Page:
Reynolds used the same trip to visit the Philippines, where support from the Australian Armed Forces was critical in ending the five-month Islamist takeover of Marawi city in 2017. Since then, the ADF has trained a total of 10,600 Filipino soldiers in counter-terrorism.

“We both have a problem with the return of foreign fighters,” says Reynolds, Daesh or ISIS militiamen who are fleeing their collapsed self-proclaimed caliphate in Iraq and Syria. “Daesh is still an active threat in the Philippines, Malaysia and Indonesia.”

That same week Reynolds was in Singapore to meet Prime Minister Lee Hsien Loong, among others, and to celebrate the 30th anniversary of military training in Singapore, Australia. When they met, a squadron of Singaporean fighter jets was training in the Northern Territory, and HMAS Adelaide certified Singaporean crews of Chinook heavy-lift helicopters to land on the ship deck.

Two Singaporean chinooks were welcomed to Victoria during the January bushfires and flew to remote areas to evacuate people trapped by the flame. “Some cockies said they had no contact with anyone and they burst into tears when they heard the rotors,” says Reynolds.

In the 18 months she was on the job, Reynolds visited 21 countries, received six colleagues and held 41 bilateral meetings on Videolink. She prefers physical contact because she has not found a replacement. Also, “I can’t ask my people to do what I’m not ready to do.”

During the pandemic, the ADF was in use with an average of 20 ships at the same time. “The number of on-board transmissions of COVID is zero,” Reynolds says. In the US, aircraft carriers were temporarily out of service with mass COVID-19 outbreaks.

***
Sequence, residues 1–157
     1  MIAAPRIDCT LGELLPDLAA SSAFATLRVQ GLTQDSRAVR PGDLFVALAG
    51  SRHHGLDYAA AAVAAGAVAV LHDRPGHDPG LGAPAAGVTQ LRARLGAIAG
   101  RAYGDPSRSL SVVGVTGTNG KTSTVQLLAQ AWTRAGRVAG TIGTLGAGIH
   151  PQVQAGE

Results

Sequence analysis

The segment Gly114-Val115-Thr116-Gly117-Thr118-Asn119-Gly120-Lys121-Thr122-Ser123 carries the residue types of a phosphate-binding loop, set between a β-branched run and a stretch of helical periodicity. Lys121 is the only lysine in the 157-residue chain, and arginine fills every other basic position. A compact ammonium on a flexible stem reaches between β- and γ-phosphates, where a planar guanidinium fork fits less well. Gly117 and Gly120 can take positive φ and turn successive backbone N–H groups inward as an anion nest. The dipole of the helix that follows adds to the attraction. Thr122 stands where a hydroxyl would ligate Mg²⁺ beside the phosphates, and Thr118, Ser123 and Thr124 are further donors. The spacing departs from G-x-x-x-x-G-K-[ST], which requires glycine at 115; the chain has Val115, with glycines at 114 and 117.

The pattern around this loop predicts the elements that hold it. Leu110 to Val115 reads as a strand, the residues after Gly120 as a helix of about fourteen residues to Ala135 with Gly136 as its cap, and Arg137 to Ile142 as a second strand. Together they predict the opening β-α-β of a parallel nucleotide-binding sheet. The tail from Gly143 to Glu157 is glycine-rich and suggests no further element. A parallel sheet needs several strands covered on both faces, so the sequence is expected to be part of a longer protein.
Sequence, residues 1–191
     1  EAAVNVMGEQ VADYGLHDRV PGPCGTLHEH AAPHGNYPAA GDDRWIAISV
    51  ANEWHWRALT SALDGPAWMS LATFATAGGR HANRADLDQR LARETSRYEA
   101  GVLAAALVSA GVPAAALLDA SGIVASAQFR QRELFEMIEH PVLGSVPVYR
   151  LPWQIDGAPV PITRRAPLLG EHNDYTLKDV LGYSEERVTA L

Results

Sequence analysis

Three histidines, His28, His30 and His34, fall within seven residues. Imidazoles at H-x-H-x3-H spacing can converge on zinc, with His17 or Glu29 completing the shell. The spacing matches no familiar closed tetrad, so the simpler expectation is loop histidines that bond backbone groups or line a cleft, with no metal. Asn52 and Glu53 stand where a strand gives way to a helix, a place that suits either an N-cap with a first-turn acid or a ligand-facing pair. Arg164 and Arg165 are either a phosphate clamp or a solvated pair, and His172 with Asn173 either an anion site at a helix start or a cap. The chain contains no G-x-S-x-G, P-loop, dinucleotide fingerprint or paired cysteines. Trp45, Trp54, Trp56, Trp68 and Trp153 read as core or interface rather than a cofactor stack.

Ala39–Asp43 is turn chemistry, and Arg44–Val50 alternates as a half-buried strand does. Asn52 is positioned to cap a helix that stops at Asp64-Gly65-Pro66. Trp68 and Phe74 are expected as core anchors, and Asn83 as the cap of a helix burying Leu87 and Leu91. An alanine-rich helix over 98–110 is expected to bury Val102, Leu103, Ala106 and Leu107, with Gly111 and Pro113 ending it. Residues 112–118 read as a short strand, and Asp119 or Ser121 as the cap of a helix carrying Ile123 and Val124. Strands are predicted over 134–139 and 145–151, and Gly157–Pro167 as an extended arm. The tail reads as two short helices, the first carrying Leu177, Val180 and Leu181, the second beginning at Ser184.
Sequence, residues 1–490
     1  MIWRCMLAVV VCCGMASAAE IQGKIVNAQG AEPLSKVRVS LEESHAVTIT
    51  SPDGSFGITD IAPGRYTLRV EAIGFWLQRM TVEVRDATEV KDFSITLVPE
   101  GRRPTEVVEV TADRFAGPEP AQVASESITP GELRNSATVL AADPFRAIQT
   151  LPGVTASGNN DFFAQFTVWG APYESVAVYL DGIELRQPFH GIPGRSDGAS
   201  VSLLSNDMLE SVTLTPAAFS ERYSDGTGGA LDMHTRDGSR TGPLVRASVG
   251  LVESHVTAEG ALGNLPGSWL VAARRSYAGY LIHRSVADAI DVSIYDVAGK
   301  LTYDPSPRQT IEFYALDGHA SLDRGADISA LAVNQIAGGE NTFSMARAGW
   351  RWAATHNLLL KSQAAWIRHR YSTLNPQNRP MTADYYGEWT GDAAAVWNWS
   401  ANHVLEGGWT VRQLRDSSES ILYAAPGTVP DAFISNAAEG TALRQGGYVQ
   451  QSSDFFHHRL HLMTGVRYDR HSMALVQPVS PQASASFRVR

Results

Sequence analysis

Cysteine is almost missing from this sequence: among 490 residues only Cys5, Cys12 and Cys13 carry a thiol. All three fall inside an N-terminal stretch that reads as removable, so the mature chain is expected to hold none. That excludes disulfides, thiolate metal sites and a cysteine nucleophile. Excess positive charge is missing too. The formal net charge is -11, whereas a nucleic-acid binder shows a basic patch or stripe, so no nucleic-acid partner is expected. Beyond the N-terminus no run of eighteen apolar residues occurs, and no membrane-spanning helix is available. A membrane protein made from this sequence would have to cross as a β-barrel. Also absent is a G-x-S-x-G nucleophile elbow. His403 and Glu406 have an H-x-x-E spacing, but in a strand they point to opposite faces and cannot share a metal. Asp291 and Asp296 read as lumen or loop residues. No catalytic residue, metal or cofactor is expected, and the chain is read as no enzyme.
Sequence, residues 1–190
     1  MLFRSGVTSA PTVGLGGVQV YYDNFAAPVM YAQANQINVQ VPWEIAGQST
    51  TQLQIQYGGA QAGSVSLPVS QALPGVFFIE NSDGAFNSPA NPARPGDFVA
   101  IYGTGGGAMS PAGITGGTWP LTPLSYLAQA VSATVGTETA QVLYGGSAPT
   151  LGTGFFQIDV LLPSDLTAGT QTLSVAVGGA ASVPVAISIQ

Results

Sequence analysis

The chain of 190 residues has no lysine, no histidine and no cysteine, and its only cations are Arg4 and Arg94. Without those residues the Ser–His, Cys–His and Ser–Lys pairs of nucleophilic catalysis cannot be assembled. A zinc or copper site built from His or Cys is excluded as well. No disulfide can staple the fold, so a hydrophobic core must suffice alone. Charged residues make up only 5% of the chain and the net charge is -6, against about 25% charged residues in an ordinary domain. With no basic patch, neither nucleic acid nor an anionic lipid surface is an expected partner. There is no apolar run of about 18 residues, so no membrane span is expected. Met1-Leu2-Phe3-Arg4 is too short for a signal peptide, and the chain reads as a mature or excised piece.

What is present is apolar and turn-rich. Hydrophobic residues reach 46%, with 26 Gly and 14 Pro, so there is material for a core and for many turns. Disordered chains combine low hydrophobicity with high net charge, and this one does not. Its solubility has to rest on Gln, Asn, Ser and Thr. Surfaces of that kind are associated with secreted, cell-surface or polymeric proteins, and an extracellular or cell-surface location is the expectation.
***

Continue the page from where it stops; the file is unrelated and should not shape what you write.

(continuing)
The defense employed an average of 2,300 people overseas. Reynolds reports that of a total of 99,800 uniformed and civilian workforce, only 95 have been registered with COVID-19 – 92 of them have recovered.

The ADF has turned a liability into an asset and has also been busy assisting the military of other countries through the pandemic. These include smaller Pacific states – Papua New Guinea, Vanuatu, Fiji, Timor-Leste, the Solomon Islands – as well as larger countries in the region. Australia has provided personal protective equipment for the Indonesian military, medical machines for the Philippines and an online COVID-19 training course in half a dozen languages ​​in 68 countries.

However, the biggest news during Reynolds’ last round of defense diplomacy came from a country she hadn’t visited – India. Australia had sought an invitation to India’s annual maritime exercise, Operation Malabar. The US and Japan are regulars, but Australia had been banned for the past 13 years. Until now.

The times of India reported the news: “India is stepping up action against China and inviting Australia to join the Malabar exercise.” What had changed? China’s behavior. Beijing pushed against Indian forces on their disputed border in the Himalayan Mountains, killing 20 Indian troops.